When asked, “How much would it cost to build a Monolithic Dome church?” I usually come back with, “How much does a car cost?”
A car price depends on make, model, age, condition and more. Similarly, church costs depend on variables: where, when, what and more. The following information may help you get an idea of the cost of new church construction and ongoing maintenance.
- Generally a Monolithic Dome Church costs the same as a similarly sized and outfitted conventional church. But it will cost less than a conventional church if the conventional church is constructed to meet Type II or Type II FR designation (Fire Safety Codes).
- The lifetime of a Monolithic Dome church is measured in centuries. Remodeling may be needed from time-to-time to meet changing conditions, but a new structure will not be needed.
- The dramatic difference in energy needs between Monolithic Domes and conventionals is where the big savings are. A Monolithic Dome needs less energy and less equipment for heating and cooling. Less equipment translates into less maintenance and less replacement of worn out parts. If these savings were accumulated in a bond account, the accumulated savings will generally equal the total cost of the facility in less than 20 years.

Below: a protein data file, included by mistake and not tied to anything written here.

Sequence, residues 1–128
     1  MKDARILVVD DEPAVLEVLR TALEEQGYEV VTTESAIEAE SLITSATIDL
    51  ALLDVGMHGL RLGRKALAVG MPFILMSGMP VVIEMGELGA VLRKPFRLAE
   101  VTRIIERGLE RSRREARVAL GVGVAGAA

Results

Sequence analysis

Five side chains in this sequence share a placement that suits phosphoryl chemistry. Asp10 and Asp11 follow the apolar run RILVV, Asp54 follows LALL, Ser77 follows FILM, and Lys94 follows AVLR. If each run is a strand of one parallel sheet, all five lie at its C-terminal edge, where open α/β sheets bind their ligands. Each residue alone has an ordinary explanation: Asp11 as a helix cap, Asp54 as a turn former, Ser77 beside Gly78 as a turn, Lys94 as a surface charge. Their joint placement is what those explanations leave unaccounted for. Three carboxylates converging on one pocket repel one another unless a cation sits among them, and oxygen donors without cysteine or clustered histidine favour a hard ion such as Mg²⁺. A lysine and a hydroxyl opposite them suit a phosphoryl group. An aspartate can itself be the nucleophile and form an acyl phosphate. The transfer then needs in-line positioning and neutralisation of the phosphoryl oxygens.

- In general, Monolithic Dome churches have been finishing between $125 and $150 (2009 Pricing) per square foot. But many factors can raise or lower the price: auditorium seats, commercial kitchens, television broadcasting, lighting, etc.
- Inflation of construction will distort any numbers given here – as will other factors such as: prevailing wage states, experience of builders and designers, and location. (Construction is more costly in the Northeast and in California.)
How to proceed
We suggest that you complete a Free Evaluation, then commission a Feasibility Study, completed by a designer familiar with the dome’s attributes. A Feasibility Study provides much useful information and establishes a preliminary program. It proposes a solution and creates a rough budget.
With this information, the decision to proceed or explore major changes can be made. You may still use your local architect for the final design. Our church-client is not obligated beyond the cost of the Feasibility Study. Please let us know what we can do to help. See How to Buy a Monolithic Dome Church for more information.
Updated: June 20, 2009